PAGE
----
APPLE HAS BEEN ORDERED by an Italian court to cough up a fine of €900,000 over the way it sells Applecare warranties.
The case began a year ago after an investigation into Apple's warranty selling practices. The central issue was the way Apple sold its Applecare service cover package. Italian consumer law mandates that goods are automatically covered by manufacturers against defects for two years by default, so it was argued that buying a warranty on a new product was a waste of money.
In fact the minimum warranty for products sold anywhere in the European Union is two years. But Apple argued that its Applecare package offered additional benefits, over and above the cover offered under Italian law. However, the court ruled that the company was not making this point clearly enough and ordered it to change the wording of its Applecare offering to let buyers know what they are getting.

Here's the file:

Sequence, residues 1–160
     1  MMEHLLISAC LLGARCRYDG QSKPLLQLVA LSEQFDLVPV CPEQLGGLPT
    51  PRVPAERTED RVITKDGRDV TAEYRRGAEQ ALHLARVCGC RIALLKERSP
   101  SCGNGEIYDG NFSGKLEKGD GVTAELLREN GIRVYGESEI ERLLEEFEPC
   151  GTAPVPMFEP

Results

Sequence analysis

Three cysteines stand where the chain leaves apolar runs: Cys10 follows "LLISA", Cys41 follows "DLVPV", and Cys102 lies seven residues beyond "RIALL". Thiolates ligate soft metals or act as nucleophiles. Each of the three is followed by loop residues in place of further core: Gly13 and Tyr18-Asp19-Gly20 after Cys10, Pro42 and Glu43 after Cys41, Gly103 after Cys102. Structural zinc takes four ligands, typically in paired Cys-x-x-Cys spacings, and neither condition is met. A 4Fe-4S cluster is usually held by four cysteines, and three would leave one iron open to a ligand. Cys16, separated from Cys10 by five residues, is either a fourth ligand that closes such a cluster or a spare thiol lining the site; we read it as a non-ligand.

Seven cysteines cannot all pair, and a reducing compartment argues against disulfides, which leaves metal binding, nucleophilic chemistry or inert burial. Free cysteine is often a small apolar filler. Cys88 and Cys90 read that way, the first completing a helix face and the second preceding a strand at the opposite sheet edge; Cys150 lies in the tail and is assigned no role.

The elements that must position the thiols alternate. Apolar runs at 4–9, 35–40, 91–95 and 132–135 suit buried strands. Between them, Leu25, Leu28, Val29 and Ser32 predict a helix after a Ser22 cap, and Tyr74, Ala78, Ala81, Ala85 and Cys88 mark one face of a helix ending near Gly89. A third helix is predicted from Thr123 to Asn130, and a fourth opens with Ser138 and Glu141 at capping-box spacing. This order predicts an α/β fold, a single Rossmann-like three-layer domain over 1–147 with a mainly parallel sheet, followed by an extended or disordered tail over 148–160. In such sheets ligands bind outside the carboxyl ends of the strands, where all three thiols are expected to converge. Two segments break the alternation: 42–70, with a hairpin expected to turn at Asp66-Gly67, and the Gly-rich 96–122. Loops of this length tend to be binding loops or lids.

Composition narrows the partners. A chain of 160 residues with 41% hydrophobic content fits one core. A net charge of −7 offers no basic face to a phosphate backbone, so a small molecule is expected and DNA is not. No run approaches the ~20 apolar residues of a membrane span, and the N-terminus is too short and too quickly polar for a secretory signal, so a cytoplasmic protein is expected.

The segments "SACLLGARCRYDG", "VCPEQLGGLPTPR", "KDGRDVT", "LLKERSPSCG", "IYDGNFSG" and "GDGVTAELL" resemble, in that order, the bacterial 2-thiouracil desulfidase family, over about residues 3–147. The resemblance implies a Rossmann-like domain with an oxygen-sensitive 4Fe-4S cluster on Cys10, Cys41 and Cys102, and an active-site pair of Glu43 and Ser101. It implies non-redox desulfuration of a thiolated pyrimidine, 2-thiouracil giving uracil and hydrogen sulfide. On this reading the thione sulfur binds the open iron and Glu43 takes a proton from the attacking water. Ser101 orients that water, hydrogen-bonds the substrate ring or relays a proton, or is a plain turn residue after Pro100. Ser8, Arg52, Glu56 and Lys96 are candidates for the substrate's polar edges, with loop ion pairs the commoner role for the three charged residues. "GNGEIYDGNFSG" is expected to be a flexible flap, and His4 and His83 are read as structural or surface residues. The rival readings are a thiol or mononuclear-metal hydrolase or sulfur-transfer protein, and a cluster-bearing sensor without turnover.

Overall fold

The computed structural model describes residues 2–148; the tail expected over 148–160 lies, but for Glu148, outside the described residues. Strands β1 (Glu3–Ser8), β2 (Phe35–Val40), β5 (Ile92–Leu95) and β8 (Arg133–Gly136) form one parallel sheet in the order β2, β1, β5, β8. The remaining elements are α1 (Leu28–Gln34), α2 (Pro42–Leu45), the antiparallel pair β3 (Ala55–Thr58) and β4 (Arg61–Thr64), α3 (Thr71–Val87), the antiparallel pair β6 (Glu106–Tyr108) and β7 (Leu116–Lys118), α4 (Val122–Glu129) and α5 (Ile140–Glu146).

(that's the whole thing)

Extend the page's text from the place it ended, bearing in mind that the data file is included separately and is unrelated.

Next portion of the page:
Repubblica.it reports that the court ruled that Apple had not made it sufficiently clear to consumers that they already had a two-year warranty.
"The issue at stake accurately inform users that they didn't need to buy the AppleCare warranty unless they wanted its additional benefits, above and beyond the already mandatory two years of defect coverage," according to The Next Web.
The ruling marks the latest stage in a long legal process. The case is not necessarily dead as the California company still has the option to appeal the court's ruling.
An Apple spokesman said, "We believe our warranty policy in Italy complies with local requirements and respects consumer rights. Apple does not agree with the decision issued by the Italian Competition Authority and has filed an appeal."
The spokesman added that the appeal of the Italian court decision is set to be heard on 9 May. µ